Invasive Species Compendium

Detailed coverage of invasive species threatening livelihoods and the environment worldwide

Abstract

Integrating multi-method surveys and recovery trajectories into occupancy models.

Abstract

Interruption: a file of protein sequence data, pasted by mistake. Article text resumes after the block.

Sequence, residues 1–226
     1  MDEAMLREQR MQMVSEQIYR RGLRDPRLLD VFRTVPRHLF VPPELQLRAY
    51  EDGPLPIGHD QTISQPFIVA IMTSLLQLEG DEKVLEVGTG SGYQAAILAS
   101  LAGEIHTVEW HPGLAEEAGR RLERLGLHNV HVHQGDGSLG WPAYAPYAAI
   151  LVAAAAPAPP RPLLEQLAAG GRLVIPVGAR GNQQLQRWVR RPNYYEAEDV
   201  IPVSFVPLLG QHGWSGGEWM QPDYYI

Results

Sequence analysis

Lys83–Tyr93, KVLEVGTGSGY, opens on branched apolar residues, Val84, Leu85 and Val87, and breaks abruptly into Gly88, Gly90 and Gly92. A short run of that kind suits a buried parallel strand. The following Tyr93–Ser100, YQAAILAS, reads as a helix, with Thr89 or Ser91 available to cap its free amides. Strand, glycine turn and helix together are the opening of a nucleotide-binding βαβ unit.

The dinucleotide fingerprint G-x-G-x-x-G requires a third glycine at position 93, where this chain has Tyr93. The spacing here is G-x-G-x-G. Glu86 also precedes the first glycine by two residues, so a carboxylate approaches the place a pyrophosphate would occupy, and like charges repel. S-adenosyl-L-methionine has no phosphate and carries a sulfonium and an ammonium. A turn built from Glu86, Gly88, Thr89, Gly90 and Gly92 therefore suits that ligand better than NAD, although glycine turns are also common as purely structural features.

Conservation and management of animal populations requires knowledge of their occurrence and drivers that influence their distribution. Noninvasive survey methods and occupancy models to account for imperfect detection have become the standard tools for this purpose. Simultaneously addressing both occurrence and occurrence-environment relationships, however, presents multiple challenges, particularly for species with reduced ranges or those recovering from historical declines. Here, we present a comprehensive framework to satisfy the assumption of organism-environment equilibrium, map the range of a species, incorporate camera traps and detection dogs as complementary data sources, and make inference about wildlife space use at multiple scales. To meet these goals, we developed a Bayesian spatial occupancy model for Pacific fishers (Pekania pennanti) in Oregon using data from a large-scale (64,280 km2) empirical effort combining 1240 camera traps (74,219 trap nights) and 196 detector dog surveys (3 Ă— 3 km units, survey average = 17.3 km/unit). We deployed this model with and without a geoadditive term to improve predicted range map generation and covariate inference, respectively. We used reaction-diffusion models to project recovery trajectories to determine both plausible spatial extents for inclusion in our occupancy model and whether the current distribution can be explained by time-limited population expansion from historical refugia. To assess nonstationary effects where species-habitat relationships vary spatially, we fit separate models within distinct ecological regions. We confirmed the presence of the native and introduced fisher populations, but populations occupy less area than previously believed. The spatial extent of the introduced population was less than expected except under our lowest growth model, suggesting limiting factors were preventing population expansion. The native population extent matched expectations under several growth scenarios, suggesting that the contemporary distribution is plausibly due to time-limited expansion. The relationship of fisher occupancy to environmental covariates varied with scale, spatial extent, and ecological region, but fishers consistently selected for old forests at fine spatial scales in the detection model across spatial extents and detection modalities. Collectively, we provide an integration of camera traps and detection dogs into spatial occupancy models and demonstrate how to generate plausible spatial extents to improve inferences for species recovering from range contractions.